— Twilight And Dawn • Caroline Pridham

... are the nursing mothers of mankind, and in that law their fate is written with all its joys and all its privileges. It is for men to make those joys as lasting and those privileges as perfect as may be. That women should have their rights no man will deny. To my thinking, neither increase of work nor increase of political influence are among them. The best right a woman has is the right to a husband, and that is the right to which I would recommend every young woman ...
— Volume 1 • Anthony Trollope

... haste and marry me before I'm afflicted with flesh, as I'm sure to become. For I deny myself nothing—I live to eat," Geraldine rattled on cheerfully. "One can't get very fat before one comes out; and I hate a thin dowager. I'm engaged already, you know, but I don't like the man much—don't like him at all, in fact; and ...
— The Beth Book - Being a Study of the Life of Elizabeth Caldwell Maclure, a Woman of Genius • Sarah Grand

... most unfortunate countenance. It was a very solemn, but by no means a solvent face; and yet he had a manner with him too, and his language was choice, if not persuasive. That the matter of his speech was plausible, none ever presumed to deny. "It is all very well, Mr. Ferguson,"—that was always conceded. I do not wish to speak ill of the dead; but Ferguson never entered a lodging without being compelled to pay a ...
— Punch, or the London Charivari, Vol. 1, August 7, 1841 • Various

... mischief from me, for no Doone ever robs at home, neither do they quarrel much, except at times of gambling. And though Sir Ensor Doone is now so old and growing feeble, his own way he will have still, and no one dare deny him. Even our fiercest and most mighty swordsmen, seared from all sense of right or wrong, yet have plentiful sense of fear, when brought before that white-haired man. Not that he is rough with them, or ...
— Lorna Doone - A Romance of Exmoor • R. D. Blackmore

... all the islands lying in any part of the sea, between Africa and Italy. Let us Carthaginians, confined within the shores of Africa, behold you, since such is the pleasure of the gods, extending your empire over foreign nations both by sea and land. I cannot deny that you have reason to suspect the Carthaginian faith, in consequence of their insincerity lately in soliciting a peace and while awaiting the decision. The sincerity with which a peace will be observed depends much, Scipio, on the person by whom it is sought. Your senate, ...
— The Great Events by Famous Historians, Vol. 2 • Various

... yet, after all, they become acceptable to them only for their Folly. Wives are always allowed their humor, yet it is only in exchange for titillation and pleasure, which indeed are but other names for Folly; as none can deny, who consider how a man must dandle, and kittle, and play a hundred ...
— Little Journeys To The Homes Of Great Teachers • Elbert Hubbard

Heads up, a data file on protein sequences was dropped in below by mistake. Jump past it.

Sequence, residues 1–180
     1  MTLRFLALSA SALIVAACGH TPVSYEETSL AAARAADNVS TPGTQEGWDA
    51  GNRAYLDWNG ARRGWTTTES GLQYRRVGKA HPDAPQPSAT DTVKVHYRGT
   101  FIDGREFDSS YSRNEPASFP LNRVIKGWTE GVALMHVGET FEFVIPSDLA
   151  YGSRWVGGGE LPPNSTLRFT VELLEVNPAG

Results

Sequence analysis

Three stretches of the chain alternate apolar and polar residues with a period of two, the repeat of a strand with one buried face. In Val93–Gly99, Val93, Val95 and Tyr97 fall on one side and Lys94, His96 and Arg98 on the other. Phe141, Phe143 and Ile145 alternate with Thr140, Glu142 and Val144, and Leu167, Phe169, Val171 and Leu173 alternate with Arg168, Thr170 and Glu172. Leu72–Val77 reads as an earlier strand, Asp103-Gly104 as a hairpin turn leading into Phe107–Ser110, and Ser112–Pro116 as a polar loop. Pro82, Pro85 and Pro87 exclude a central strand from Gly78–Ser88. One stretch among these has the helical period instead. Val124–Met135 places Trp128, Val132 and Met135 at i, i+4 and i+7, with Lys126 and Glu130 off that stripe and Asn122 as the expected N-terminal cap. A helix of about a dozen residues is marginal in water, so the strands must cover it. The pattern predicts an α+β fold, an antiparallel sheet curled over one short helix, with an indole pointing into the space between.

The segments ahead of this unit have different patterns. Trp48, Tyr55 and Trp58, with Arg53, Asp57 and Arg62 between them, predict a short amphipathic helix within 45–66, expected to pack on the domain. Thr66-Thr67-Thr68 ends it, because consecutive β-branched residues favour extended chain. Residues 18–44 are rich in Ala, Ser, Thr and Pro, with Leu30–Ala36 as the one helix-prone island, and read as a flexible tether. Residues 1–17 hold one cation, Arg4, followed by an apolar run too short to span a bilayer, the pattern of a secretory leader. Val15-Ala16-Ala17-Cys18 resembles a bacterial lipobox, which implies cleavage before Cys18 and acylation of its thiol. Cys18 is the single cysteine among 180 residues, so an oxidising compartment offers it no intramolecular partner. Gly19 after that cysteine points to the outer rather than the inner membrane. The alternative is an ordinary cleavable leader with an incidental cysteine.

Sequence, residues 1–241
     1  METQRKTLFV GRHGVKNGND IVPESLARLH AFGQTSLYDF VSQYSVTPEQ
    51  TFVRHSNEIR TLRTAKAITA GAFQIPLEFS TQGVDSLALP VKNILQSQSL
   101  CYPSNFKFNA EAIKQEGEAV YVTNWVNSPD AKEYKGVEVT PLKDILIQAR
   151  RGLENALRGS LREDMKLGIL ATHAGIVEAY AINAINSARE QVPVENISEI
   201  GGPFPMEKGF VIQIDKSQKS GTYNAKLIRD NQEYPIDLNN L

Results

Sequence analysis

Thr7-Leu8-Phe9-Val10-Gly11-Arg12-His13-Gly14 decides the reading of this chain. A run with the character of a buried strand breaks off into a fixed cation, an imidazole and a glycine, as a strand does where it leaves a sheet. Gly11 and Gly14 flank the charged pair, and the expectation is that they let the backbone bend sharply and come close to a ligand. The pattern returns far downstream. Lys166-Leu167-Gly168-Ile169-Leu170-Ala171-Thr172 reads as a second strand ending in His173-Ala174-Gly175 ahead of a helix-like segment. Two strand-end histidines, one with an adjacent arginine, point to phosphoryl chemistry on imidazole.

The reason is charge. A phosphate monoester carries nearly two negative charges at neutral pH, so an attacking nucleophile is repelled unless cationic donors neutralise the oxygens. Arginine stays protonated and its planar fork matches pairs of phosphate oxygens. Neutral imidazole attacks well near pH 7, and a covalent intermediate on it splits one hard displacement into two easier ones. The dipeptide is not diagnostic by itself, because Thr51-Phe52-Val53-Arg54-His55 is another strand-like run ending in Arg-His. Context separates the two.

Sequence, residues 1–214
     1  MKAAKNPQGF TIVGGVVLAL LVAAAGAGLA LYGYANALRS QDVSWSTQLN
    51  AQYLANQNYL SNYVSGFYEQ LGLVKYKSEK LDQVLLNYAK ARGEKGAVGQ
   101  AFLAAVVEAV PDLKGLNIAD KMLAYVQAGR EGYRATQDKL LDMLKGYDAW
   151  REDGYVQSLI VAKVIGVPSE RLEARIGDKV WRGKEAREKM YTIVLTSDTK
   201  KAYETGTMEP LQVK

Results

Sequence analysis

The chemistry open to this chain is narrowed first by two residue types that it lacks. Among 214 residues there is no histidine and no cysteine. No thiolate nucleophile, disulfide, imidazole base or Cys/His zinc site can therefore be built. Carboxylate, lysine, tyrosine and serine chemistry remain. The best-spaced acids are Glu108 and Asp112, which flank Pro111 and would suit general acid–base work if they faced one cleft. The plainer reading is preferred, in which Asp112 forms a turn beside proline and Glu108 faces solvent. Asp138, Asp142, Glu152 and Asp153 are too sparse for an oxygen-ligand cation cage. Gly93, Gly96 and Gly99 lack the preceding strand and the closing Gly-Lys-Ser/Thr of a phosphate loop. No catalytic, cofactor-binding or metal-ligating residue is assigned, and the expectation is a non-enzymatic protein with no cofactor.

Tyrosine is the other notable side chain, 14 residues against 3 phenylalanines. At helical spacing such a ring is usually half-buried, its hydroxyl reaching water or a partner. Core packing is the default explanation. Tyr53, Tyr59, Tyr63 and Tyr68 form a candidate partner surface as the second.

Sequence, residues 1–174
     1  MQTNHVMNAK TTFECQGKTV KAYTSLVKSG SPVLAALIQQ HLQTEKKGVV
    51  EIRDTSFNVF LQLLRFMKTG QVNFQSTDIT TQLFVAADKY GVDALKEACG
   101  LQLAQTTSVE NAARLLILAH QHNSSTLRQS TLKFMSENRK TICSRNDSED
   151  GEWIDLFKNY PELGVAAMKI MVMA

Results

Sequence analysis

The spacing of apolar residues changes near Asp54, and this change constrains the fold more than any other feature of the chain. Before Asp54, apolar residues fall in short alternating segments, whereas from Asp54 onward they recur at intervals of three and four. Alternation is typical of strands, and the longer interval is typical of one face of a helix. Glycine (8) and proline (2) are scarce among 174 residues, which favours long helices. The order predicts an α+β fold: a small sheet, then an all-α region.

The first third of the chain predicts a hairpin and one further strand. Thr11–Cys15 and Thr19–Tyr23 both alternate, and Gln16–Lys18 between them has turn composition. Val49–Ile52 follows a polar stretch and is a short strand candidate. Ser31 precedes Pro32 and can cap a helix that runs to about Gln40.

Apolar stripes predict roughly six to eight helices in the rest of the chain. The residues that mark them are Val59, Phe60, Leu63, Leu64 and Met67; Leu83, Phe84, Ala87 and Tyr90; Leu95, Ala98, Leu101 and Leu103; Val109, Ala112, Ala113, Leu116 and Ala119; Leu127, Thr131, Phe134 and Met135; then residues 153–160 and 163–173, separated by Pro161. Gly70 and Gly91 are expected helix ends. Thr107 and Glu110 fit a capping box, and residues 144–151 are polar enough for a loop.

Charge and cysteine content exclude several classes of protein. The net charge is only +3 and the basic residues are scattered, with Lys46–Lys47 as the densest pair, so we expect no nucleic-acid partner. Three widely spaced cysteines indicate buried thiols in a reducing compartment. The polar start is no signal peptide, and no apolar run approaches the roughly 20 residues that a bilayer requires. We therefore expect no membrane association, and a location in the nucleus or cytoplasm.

... pictured our final struggles. We fought with the nightmares that entered our minds, and conversation languished. We couldn't speak while the mental canvases were being rapidly coloured with scenes depicting our end in the darkness and the silence, where a grim fate would even deny one a last look at a dearly loved face. A silence came upon us that had the same effect as intense cold. Each in his own frozen husk of despair plodded forward with the idea that the others were so engrossed in their ...
— The White Waterfall • James Francis Dwyer

... oaths, so to denie This Chaine, which now you weare so openly. Beside the charge, the shame, imprisonment, You haue done wrong to this my honest friend, Who but for staying on our Controuersie, Had hoisted saile, and put to sea to day: This Chaine you had of me, can you deny it? Ant. I thinke I had, I ...
— The First Folio [35 Plays] • William Shakespeare

... married love, and a worthy instance how dear to every good man his country is, was exhibited by Ulysses. If Circe loved him sincerely, Calypso loves him with tenfold more warmth and passion: she can deny him nothing, but his departure; she offers him every thing, even to a participation of her immortality: if he will stay and share in her pleasures, he shall never die. But death with glory has greater charms for a ...
— Books for Children - The Works of Charles and Mary Lamb, Vol. 3 • Charles and Mary Lamb

... frailty of humanity, a little lightness and amusement are sometimes lacking in our otherwise admirable English homes, and the man or woman who can provide them is readily forgiven and easily excused. Miss Sherard was amusing; no one could deny it. She told her risque stories with the innocent look of a child, while her big eyes were raised almost with an air of questioning to her bearer's face. Also she was boundlessly affectionate, although she said such dreadful things, and in fine, where she ...
— Peter and Jane - or The Missing Heir • S. (Sarah) Macnaughtan

... us believes this. I know that some will at first deny they do; still they do believe it. Only, it is not sufficiently, practically ...
— The Oxford Movement - Twelve Years, 1833-1845 • R.W. Church

... sorry Buckley got hurt," the latter opened; "it wasn't any direct fault of mine. We were having words. I don't deny but that it might have gone further with us, but some ...
— Mountain Blood - A Novel • Joseph Hergesheimer